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Everything You Need to Know About Background Investigations

Everything You Need to Know About Background Investigations

Battalion Chief Paul Lepore

Are there automatic disqualifications for the background process? Yes and no. What does this mean? It depends on the agency and on the feelings of the fire chief. Some fire chiefs don’t care what you have done (within reason), but will automatically disqualify a candidate who is not completely honest during the process, while others have certain actions that are immediate cause for dismissal.

Some common causes for automatic disqualification include the following: any injectible drug use (i.e. any controlled substance or steroid put into the body via a needle); any selling, intent to sell or transporting of narcotics; hallucinogens such as LSD and acid; multiple uses of marijuana that is considered more than experimental; any type of assault or domestic battery; stealing and arson.

Of course, these are generic, but most agencies will have a policy dealing with any of the above cases. For some it may be an automatic disqualification, while other agencies may be more lenient and receptive to a reasonable explanation.

If a candidate has a blemish on his or her record that is not considered an automatic disqualification, the investigator will look further into the background. The intent is to determine if the infraction is a one-time incident or a pattern of poor choices.

Oftentimes a driving under the influence arrest was the proverbial accident waiting to happen. In other words, a candidate tells the investigator that after the annual company picnic, he or she had too much to drink. The designated driver was nowhere to be found, and the candidate had to get home to feed his or her cats. It was a matter of life and death.

The candidate got behind the wheel and drove when he or she shouldn’t have. As luck would have it, the candidate rear ended a police car and was arrested for driving under the influence. It was just an isolated incident that could have happened to anybody, right?

This would naturally trigger the investigator to look further into the candidate’s alcohol consumption. In fact, one of the questions is, “How often do you drink?” Nobody wants to look like an alcoholic, so they grossly underestimate the number of times alcohol is consumed each week. This is easily uncovered by interviewing your friends, who vouch for the fact that you are able to hold your liquor.

When it is revealed that you play softball in a beer league every Tuesday night with the guys from the shop, the investigator will easily identify that you drink every Tuesday night. Of course, the next question will be, “How does the candidate get to and from the game?”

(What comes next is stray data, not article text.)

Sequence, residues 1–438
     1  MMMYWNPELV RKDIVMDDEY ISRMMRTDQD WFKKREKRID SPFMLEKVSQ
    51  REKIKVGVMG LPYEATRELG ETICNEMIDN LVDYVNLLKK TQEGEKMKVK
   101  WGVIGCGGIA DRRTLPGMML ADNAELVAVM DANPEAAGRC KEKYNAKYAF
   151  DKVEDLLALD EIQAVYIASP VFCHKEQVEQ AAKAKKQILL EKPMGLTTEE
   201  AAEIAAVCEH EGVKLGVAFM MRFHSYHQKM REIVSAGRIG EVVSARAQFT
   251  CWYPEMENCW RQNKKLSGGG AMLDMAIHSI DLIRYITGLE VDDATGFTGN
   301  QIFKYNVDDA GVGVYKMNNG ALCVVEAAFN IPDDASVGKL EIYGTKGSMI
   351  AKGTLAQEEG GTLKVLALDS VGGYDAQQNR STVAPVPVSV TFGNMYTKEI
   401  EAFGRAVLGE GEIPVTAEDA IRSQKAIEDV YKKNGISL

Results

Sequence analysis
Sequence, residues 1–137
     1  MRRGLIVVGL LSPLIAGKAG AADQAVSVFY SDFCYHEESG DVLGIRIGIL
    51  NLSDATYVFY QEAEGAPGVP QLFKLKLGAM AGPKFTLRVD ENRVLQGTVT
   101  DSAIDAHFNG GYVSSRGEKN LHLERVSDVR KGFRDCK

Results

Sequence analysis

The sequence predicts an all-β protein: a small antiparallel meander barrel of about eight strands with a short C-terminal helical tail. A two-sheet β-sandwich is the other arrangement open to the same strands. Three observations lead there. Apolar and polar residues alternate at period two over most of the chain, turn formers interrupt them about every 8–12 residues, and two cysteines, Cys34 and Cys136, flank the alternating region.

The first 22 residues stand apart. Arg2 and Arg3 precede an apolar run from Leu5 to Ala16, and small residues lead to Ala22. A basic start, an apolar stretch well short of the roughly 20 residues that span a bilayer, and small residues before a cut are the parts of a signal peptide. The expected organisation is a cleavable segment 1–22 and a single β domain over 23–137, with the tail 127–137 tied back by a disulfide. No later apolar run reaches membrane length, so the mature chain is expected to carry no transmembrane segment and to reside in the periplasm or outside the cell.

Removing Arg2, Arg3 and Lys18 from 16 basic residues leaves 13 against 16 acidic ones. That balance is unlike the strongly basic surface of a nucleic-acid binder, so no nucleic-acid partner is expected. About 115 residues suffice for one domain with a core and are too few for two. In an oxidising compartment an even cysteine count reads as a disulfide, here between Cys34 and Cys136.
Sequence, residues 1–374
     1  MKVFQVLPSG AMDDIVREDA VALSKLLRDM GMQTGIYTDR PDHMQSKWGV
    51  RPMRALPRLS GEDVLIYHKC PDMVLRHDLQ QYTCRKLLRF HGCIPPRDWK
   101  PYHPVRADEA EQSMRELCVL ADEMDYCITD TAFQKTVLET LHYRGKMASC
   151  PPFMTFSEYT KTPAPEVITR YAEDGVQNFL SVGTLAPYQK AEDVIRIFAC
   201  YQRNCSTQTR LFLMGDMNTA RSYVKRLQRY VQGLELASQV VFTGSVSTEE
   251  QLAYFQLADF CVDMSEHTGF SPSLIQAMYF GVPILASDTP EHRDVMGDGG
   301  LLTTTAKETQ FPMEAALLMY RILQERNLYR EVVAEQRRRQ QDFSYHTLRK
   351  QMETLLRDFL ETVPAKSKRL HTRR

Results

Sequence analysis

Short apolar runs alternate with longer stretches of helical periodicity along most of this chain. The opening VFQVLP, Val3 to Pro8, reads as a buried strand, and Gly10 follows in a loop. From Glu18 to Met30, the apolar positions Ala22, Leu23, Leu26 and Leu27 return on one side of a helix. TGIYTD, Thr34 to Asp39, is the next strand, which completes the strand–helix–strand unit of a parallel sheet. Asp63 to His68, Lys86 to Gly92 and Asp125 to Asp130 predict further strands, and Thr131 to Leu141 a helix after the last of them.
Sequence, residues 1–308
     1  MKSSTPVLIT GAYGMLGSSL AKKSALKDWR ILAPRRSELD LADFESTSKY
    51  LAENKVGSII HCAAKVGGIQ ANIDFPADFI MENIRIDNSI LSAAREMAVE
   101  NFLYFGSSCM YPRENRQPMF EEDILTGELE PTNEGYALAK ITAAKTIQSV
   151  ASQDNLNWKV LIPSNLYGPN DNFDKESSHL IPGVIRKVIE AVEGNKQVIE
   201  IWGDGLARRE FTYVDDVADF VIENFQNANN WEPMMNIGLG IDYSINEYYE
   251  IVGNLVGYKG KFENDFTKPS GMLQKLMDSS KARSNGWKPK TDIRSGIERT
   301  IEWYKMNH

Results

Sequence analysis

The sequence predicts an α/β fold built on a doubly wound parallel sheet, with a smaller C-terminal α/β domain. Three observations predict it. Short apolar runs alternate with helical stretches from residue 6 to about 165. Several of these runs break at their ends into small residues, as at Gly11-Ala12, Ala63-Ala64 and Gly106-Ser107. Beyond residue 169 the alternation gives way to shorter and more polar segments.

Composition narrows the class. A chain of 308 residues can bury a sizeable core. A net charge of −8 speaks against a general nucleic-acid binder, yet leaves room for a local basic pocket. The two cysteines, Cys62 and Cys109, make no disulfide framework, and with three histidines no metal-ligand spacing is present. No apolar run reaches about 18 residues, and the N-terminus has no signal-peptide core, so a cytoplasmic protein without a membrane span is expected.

Your helpful friend raves about the pickup truck that you completely restored and drive to each and every game. The connection is now made complete that after drinking during the weekly softball game, the candidate hops into his restored pickup and drives home.

Now, the driving under the influence conviction is no longer an isolated event, but rather part of a pattern of poor choices that finally caught up with a careless individual.

If, on the other hand, it does appear to be an isolated event the investigator will want to know what have you learned from the event. A candidate who was arrested for driving under the influence four years ago, has since quit drinking and is now a designated driver on the major holidays and a spokesperson for Mothers Against Drunk Driving (MADD), will certainly be considered above the previous candidate.

In this scenario, it’s not the mistake that draws the attention, it’s the recovery.

A person who has smoked marijuana is usually not eliminated unless it was done in recent history. Some departments will eliminate a candidate if it was done after the candidate decided he or she wanted to become a firefighter.

Again, an example of poor decision making. In today’s day and age, it is understood that most people will at least try marijuana. In fact, a recent news study revealed that 66% of high school seniors have at least tried it. Unfortunately, it seems to be on the rise. If smoking marijuana were an automatic disqualification, the fire and police agencies across the country would not be able to hire most new employees.

The applicant pool would simply be too small.

The background investigation is the time to be accountable for all of your life’s actions. Most people have some past indiscretions that, if given the choice, they would change. That is what we call life experience. If the individual is honest and forthcoming with information and has not made any life altering decisions, as mentioned above, he or she should have no problem passing a comprehensive background check.

It is important to note that if a candidate believes he or she may have difficulty with a background investigation he or she probably will.

My advice is to be honest and forthright with information. Everyone makes mistakes. If a candidate is caught in a lie, he or she is automatically eliminated from the process, even if the issue was not a big infraction. The fact that the candidate lied says a lot about his or her character.

Once a candidate fails a background investigation, the next agency has a right to know about it. In other words, when a candidate goes through a background investigation for a different agency, they have a right to know why you failed. If a candidate failed a background for lying, chances are they will not make it through the next process.

Paul Lepore is the author of the best-selling series of career how-to books for firefighters. You can buy them directly from the FireLink Bookstore


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